Re: Is a RDBMS needed?

From: Guillermo Alan Bort <>
Date: Thu, 9 Jun 2011 15:01:35 -0300
Message-ID: <>

Well, I think you need to ask yourself why do RDBMS exist in the first place?

I remember a few (not so few, actually) years ago, when I started college and first started writing programs (in C no less, and using API32 to have GUI, we didn't have any of this .net shenanigans back then). One of the first programs that needed persistent data was a calendar. At first I wrote my own file management interface and handled data input/output directly into the files. This made testing very easy, as I could open the files in notepad and just change whatever data I wanted and see how that impacted the application. In time I realized that after loading a few months worth of data the application became way to slow in basic I/O (as i didn't have any indexing capabilities, it just loaded the entire calendar into memory and dumped it back again). I optimized it as much as possible but instead of developing my own indexing system, I decided to do the only sane thing and move the data to a database. I chose SQLite back then, because it's a very light embeded database, and it solved the problem elegantly.

I think that the morale of my first-year-programming story is "while something may seem like a wonderful idea now, people who spent 20 years developing a solution are not complete morons, try to think ahead and find out WHY they did what they did"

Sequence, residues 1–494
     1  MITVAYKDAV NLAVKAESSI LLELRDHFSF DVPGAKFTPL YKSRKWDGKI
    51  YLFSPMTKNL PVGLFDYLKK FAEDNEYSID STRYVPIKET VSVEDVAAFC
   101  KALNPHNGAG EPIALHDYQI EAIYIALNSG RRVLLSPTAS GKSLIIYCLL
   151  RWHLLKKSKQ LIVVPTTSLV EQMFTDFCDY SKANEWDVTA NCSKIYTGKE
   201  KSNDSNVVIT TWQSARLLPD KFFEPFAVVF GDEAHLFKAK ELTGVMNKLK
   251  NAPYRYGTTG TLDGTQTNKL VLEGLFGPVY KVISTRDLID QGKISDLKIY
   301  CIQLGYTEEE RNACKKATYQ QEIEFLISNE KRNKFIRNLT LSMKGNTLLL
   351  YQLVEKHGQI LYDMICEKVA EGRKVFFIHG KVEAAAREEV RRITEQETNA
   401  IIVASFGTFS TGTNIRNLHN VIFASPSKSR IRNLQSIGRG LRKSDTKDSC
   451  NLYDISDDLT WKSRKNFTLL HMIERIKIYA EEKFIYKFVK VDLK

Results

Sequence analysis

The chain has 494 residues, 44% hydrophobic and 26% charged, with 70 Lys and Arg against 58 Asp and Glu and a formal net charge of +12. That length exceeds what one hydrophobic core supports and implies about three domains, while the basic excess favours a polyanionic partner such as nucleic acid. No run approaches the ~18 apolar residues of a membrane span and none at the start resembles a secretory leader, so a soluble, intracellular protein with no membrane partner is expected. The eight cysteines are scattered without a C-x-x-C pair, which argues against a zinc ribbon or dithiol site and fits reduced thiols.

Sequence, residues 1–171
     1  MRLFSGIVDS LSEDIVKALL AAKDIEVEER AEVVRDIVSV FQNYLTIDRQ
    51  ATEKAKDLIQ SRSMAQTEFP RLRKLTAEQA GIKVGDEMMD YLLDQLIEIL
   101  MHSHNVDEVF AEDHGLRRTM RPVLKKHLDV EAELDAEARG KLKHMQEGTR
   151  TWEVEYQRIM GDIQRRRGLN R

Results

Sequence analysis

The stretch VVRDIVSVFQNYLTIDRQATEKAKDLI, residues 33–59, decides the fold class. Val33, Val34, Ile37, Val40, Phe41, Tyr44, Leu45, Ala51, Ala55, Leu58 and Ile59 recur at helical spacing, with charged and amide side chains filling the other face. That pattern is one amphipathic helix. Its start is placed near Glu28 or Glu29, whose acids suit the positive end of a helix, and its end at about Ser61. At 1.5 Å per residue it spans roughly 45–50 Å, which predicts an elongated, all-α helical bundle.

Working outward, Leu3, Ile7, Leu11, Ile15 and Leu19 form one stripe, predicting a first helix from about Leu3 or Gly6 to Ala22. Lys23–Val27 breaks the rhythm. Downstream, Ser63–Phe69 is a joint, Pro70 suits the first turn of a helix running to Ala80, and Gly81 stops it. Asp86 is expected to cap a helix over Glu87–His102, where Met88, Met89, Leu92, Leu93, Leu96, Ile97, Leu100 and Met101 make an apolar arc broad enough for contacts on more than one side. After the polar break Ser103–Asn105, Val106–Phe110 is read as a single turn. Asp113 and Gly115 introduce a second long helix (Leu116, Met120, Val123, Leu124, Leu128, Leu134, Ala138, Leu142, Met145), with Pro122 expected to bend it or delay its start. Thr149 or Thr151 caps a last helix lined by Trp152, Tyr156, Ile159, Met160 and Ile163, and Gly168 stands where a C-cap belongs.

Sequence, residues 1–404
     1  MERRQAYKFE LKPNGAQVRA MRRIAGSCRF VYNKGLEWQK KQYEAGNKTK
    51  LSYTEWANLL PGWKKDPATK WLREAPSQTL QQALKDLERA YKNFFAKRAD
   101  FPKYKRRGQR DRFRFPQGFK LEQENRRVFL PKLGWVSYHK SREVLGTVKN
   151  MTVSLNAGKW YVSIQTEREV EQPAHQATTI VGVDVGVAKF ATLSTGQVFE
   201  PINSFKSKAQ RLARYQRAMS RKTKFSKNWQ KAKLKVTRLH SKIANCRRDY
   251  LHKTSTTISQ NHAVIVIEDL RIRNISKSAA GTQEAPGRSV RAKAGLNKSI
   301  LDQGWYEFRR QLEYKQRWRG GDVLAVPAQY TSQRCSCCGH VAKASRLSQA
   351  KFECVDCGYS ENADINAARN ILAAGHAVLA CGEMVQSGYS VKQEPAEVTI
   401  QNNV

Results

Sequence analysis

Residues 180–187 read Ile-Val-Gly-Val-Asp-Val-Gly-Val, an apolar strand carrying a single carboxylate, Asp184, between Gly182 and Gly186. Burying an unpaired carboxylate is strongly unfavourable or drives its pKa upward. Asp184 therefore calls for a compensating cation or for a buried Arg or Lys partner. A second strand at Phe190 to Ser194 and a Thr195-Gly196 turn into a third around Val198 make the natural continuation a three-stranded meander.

If you have 100 users and each user is stored in a flat file, you have 100 flat files. it's ok, we can handle that. If you have 1mln users... then what? how many users before you run out of inodes? (I know, silly example...)

And Eventually you'll want to add more and more functionality and find yourself navigating a buttload of code to find out twenty different ways that the data is accessed... whereas using a database the *actual* data is accessed only by the RDBMS... who then gives the client what it needs...

Now, I'm an APEX developer as well (don't ask, it just happened! I know I just lost the right to rant against java developers) and can tell you that almost any application that has any non-static content can be turned into a database-centric application... so... why move away from a database?

I mean... I honestly can't think of a way to manage application users other than from a database...either as db users or using a table and an authentication function... (ok, maybe LDAP or NIS can work too)


On Thu, Jun 9, 2011 at 1:46 PM, Blake Wilson <> wrote:

> This is a future release that is just being developed to be released in the
> next 3-5 years. It is an open source application developed by some of the
> universities that use it. Some large universities throughout the world are
> currently using and contributing to it, including the University of
> Michigan, Indiana, Cornell, Stanford, Yale and Oxford, etc. So, it is not an
> small time application. I am not so worried about the current release, but
> the future of it. We are not currently using the application, but I am
> worried about where it will be in 5 years and do we want to be there?
> We certainly can save a few bucks on the Oracle licensing, but at what
> cost? I am glad to here your concerns as well. And yes, I realize that we
> are all DBA's and may be somewhat prejudiced, but I think there is a some
> potential trouble here in a few years.
> Thank you for you responses and ideas.
> Blake
> --

Received on Thu Jun 09 2011 - 13:01:35 CDT

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